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Salvation on Sand Mountain: Snake-Handling and Redemption in Southern Appalachia
 
 
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Salvation on Sand Mountain: Snake-Handling and Redemption in Southern Appalachia [Paperback]

Dennis Covington
4.4 out of 5 stars  See all reviews (106 customer reviews)


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Editorial Reviews

Amazon.com Review

Salvation on Sand Mountain is a story of snake handling and strychnine drinking, of faith healing and speaking in tongues. It is also the story of one man's search for his roots--and, in the end, of his spiritual renewal. Writer Dennis Covington came to this ecstatic form of Christianity as a reporter covering a sensational murder case; Glen Summerford, pastor of the Church of Jesus with Signs Following, had been accused of attempting to kill his wife with rattlesnakes. There, in a courtroom filled with journalists and gawking spectators, Covington felt the pull of a spirituality that was to dominate his life for the next several years. Attending Summerford's church out of curiosity, he soon forged close friendships with some of the worshippers, began attending snake-handling services throughout the South, and eventually took up snakes himself.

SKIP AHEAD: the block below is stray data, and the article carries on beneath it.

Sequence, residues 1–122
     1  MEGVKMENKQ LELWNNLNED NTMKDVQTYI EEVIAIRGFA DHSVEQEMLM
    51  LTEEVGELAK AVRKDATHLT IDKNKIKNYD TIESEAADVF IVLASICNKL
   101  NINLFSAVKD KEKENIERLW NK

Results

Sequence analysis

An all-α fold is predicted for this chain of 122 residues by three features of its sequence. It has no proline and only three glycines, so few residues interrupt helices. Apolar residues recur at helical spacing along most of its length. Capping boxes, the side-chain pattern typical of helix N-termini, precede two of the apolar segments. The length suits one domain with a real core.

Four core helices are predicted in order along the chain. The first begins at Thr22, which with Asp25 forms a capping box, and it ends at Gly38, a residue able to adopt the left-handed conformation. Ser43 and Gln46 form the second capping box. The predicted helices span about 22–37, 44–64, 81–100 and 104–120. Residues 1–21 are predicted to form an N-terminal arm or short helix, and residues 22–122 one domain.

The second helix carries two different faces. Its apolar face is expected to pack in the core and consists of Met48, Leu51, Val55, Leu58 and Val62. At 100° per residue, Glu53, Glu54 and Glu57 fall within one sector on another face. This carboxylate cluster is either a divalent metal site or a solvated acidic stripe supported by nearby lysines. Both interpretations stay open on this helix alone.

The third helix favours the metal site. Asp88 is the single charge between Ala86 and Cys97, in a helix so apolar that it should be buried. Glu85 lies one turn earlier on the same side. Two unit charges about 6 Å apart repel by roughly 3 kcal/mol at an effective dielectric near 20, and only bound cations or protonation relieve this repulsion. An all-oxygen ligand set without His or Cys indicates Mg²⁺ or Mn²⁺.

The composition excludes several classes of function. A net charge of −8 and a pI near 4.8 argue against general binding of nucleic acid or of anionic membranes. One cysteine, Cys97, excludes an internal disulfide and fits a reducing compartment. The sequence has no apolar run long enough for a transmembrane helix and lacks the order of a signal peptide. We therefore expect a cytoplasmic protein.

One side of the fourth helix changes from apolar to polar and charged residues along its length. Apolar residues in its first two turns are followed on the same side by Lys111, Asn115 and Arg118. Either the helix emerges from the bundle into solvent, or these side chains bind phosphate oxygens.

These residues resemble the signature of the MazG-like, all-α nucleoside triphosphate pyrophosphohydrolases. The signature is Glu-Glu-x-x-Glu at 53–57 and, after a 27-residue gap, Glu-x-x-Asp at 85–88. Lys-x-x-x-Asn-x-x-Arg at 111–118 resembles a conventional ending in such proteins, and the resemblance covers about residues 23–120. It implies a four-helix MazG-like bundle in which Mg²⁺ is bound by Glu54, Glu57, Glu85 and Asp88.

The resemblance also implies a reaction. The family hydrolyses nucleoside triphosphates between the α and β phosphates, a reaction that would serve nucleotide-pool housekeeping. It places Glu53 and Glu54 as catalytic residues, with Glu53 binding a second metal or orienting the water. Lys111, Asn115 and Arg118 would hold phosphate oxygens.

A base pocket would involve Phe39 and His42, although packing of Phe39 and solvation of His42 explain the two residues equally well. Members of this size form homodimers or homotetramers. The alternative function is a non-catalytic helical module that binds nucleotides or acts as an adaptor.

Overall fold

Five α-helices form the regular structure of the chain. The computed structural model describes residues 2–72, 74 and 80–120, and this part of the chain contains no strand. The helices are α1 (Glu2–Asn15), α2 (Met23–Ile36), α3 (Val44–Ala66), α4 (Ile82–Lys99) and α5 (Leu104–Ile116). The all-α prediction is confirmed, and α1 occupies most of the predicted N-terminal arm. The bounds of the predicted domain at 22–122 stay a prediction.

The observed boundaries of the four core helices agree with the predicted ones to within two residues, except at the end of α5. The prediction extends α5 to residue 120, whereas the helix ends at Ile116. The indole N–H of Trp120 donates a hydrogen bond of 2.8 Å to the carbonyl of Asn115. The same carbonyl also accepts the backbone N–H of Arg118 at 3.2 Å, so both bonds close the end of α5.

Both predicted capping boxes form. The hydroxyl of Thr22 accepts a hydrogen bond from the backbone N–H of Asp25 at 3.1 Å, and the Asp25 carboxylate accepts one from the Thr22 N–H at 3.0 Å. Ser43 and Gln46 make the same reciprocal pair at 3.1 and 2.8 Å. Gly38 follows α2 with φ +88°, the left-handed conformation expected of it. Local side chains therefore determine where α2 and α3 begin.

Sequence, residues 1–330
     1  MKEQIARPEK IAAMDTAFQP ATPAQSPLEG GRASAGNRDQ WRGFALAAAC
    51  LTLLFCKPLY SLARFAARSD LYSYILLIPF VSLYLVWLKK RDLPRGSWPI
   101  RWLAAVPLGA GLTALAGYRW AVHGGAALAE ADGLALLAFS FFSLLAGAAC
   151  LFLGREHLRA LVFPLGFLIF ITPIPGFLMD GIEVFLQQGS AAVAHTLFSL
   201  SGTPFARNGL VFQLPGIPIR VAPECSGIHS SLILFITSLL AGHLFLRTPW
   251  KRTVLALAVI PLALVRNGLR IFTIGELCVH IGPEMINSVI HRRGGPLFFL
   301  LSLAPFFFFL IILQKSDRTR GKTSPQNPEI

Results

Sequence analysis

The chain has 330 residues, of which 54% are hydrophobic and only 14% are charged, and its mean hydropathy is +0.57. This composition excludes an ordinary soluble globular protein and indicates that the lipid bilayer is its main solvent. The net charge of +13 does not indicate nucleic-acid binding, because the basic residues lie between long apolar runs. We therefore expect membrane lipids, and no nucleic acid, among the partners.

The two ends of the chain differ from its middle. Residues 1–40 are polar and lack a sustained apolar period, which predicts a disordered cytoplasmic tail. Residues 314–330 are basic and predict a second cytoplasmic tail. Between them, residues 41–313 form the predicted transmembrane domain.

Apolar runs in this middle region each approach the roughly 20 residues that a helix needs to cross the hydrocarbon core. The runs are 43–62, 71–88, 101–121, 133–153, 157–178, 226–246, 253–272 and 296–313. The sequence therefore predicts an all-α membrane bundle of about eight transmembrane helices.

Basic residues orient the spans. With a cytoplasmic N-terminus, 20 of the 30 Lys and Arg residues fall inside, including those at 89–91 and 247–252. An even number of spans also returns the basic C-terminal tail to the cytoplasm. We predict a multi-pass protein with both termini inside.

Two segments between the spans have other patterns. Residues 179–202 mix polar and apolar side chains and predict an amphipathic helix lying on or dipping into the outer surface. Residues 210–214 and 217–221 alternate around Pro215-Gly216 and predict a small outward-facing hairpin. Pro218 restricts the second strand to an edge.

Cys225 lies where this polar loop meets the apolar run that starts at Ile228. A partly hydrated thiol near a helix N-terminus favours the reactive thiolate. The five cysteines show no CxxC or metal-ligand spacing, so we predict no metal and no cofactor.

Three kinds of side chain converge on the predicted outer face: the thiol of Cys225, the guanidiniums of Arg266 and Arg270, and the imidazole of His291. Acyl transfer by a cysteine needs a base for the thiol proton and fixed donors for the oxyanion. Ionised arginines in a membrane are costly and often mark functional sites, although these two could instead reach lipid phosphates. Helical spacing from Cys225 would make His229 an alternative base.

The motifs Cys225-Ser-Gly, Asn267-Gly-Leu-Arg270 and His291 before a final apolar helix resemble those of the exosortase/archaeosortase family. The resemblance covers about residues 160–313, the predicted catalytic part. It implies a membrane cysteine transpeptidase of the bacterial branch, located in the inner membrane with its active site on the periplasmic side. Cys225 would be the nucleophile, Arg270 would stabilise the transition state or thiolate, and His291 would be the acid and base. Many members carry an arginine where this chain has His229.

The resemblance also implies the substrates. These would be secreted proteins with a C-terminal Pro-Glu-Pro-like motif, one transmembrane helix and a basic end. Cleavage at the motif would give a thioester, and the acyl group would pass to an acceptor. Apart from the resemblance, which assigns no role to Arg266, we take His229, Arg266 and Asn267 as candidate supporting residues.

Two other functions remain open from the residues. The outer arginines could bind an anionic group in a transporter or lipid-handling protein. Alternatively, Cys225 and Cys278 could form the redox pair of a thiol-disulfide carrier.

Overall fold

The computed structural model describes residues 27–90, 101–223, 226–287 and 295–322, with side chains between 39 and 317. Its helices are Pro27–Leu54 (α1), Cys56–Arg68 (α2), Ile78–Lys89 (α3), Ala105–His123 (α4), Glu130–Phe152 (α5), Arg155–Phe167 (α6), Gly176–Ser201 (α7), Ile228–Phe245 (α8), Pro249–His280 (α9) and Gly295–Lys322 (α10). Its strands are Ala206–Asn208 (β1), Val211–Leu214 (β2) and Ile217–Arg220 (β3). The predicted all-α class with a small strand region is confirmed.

With subject matter this lurid, Salvation on Sand Mountain could have been a Southern-fried curiosity and little more. Covington goes far deeper. Tracing the snake handlers' roots in regional history, in the deep spiritual alienation of mountain people from the secular modern world they have so recently joined, Covington is more than just sympathetic to the snake handlers; in a profound way, he considers himself one of them. His reasoning is sometimes flawed--when he attempts to find snake handlers in his own family's past, for instance, the result is belabored and unconvincing--but there's no doubt that Covington's heart is in the right place. He's also not without his own brand of sly gallows humor, as in this conversation with the elderly Gracie McAllister: "She'd swore she'd never handle rattlesnakes in July again. She'd been bit the previous two Julys. 'I decided I'd just handle fire and drink strychnine that night,' she said. Good idea, I thought. It always pays to be on the safe side."

Covington eventually breaks with the snake handlers, but comes away from the experience a changed man. "Knowing where you come from is one thing, but it's suicide to stay there," he writes. An American Book Award winner and finalist for the National Book Award, Salvation on Sand Mountain is a nuanced, compassionate portrait of an unforgettable spiritual journey. --Mary Park

From Publishers Weekly

After Covington, a writing instructor at the University of Alabama, novelist (Lizard) and freelance journalist, covered the trial of a preacher convicted of attempting to murder his wife with rattlesnakes, he was invited to attend a snake-handling service in Scottsville, Ala. He found the service exhilarating and unsettling; he felt a kinship with the people, for he was only two generations removed from the hill country of Appalachia. Of Scottish-Irish descent, the handlers are religious mystics who believe in demons, drink strychnine and drape rattlesnakes around their bodies. Covington attended other services with Brother Carl Porter; he eventually handled a huge rattlesnake, and recalls that at the time, he felt absolutely no fear. This is a captivating glimpse of an exotic religious sect.